Area of Focus

To achieve the objectives listed above, each OAIC should promote a sustained research program in an area of focus through which the center will accomplish the innovation, leadership, collaborative, and career development functions described above. Thus it is crucial to the design of an OAIC to identify one or more important research areas to be addressed, to specify the goals to be achieved within the five-year OAIC award period, and to provide a plan to reach these goals and a method to evaluate progress toward these goals during the course of the OAIC award. The selection of Core activities (see below) should follow from these considerations.

An OAIC may select areas of research focus from a broad range of topics, including:

An OAIC may define its selected area of focus either broadly or narrowly. In general, each research focus described above has the need (and/or the potential) for a wide range of developmental and infrastructural activities that are likely to be interdependent and synergistic. Thus an OAIC strategy of selecting several key activities that address the selected area of focus may have unique benefits.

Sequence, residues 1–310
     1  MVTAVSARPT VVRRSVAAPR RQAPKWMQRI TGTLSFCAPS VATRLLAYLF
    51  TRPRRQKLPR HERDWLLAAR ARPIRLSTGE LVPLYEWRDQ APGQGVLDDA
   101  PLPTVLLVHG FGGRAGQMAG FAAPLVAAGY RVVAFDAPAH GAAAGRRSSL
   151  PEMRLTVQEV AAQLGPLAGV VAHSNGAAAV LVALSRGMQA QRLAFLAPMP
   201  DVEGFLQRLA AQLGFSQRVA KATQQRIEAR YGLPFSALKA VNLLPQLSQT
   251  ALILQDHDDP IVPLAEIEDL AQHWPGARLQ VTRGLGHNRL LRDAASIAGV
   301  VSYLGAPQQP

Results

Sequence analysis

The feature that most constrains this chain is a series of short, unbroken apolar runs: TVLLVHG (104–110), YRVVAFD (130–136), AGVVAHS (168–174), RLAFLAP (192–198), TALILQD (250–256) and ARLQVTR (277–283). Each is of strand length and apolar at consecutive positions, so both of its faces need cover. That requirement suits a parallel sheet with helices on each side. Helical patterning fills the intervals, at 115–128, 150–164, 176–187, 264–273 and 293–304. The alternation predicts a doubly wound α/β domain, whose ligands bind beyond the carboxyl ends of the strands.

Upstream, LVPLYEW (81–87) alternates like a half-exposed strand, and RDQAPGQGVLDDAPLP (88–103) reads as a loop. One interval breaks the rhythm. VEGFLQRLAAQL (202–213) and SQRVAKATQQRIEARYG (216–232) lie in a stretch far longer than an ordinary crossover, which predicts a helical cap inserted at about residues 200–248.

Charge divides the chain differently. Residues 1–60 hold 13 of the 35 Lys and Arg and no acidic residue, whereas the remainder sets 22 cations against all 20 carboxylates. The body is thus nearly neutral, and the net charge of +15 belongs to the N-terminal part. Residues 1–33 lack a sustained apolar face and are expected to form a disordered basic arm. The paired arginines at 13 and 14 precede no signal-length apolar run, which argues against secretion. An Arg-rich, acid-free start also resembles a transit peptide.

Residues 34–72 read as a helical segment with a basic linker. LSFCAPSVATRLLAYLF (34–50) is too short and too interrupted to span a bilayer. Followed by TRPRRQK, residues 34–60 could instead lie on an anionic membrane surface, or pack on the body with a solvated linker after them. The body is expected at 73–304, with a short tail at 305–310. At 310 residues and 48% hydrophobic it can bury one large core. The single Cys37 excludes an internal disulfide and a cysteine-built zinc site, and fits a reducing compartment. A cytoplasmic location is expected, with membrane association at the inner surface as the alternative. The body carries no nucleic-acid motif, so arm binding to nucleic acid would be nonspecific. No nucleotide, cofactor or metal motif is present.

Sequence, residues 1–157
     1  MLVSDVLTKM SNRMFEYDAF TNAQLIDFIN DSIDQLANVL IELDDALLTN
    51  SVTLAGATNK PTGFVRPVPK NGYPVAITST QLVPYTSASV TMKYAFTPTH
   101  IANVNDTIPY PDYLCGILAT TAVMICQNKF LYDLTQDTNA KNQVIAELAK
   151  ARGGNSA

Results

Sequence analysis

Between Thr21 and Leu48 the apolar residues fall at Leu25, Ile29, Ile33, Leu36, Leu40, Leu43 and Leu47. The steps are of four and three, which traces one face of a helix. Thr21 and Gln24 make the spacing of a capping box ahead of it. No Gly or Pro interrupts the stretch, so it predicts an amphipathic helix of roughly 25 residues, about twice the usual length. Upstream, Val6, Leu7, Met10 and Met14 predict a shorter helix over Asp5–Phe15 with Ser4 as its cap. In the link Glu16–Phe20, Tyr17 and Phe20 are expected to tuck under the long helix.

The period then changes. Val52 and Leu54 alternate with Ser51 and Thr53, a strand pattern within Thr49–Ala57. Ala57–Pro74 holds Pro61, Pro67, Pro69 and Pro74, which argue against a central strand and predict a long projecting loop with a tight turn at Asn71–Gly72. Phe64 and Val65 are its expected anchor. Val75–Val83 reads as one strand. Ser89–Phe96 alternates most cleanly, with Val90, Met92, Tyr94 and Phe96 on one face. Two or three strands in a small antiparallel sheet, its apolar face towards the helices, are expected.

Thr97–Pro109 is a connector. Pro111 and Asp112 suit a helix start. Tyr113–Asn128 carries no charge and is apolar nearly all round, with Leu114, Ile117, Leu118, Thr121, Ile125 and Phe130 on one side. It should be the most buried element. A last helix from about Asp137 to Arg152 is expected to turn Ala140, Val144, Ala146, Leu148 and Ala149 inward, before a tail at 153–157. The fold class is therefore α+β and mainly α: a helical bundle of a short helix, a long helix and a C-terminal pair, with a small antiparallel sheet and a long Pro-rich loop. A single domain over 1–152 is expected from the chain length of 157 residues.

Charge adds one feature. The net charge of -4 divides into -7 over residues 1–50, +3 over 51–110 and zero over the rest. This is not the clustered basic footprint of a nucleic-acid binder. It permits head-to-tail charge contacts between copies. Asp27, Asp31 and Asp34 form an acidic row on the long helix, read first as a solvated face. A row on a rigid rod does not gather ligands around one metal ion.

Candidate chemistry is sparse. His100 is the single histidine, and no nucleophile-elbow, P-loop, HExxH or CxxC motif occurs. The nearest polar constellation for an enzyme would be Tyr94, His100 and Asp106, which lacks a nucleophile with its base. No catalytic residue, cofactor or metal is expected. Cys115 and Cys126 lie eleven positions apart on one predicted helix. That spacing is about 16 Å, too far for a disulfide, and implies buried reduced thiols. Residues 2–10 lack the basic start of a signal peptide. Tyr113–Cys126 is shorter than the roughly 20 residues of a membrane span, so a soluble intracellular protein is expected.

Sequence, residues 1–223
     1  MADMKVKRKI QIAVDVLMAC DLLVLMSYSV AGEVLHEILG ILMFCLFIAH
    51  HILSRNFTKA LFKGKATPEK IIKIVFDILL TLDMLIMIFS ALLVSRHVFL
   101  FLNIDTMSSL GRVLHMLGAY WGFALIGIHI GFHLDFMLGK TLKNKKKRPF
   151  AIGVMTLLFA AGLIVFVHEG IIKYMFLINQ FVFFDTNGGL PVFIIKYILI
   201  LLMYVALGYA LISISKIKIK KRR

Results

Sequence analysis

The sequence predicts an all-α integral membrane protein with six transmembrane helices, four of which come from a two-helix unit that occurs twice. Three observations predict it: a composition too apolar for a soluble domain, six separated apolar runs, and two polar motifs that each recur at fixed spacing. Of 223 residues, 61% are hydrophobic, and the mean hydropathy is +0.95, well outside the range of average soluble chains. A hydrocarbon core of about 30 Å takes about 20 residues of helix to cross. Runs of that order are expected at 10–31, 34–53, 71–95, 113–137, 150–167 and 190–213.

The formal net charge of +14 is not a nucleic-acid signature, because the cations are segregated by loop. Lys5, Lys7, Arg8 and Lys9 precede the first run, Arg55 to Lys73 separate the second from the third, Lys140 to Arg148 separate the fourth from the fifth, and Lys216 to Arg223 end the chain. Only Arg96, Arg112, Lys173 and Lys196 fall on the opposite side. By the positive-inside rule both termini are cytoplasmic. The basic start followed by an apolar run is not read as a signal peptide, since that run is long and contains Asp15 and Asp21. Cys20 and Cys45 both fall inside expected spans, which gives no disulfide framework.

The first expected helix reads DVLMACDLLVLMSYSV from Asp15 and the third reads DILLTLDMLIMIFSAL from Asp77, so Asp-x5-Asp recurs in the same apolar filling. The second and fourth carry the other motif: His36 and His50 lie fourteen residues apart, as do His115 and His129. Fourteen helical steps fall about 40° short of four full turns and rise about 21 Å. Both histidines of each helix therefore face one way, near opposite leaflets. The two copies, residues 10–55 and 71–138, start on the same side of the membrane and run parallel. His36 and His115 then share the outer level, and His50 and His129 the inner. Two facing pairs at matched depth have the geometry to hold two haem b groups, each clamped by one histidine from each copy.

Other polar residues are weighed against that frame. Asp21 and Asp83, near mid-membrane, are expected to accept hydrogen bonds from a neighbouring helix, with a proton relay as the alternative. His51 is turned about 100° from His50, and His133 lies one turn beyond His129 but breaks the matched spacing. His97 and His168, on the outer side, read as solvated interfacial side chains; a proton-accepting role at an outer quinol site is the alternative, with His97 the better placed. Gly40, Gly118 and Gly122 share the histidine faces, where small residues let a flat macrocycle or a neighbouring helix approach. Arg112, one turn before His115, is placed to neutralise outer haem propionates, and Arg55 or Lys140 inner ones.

Since the level of funding available to an individual OAIC is unlikely to allow such a set of activities for more than one focus area, applicants are strongly encouraged to select an area in which their strengths allow their OAIC to fulfill NIA's goal for the OAIC program and to direct their proposed OAIC activities toward that research area. Institutions with strong research programs in more than one area may propose an OAIC with more than one area of focus; however, a set of activities that will fulfill this goal should be proposed for each area of focus.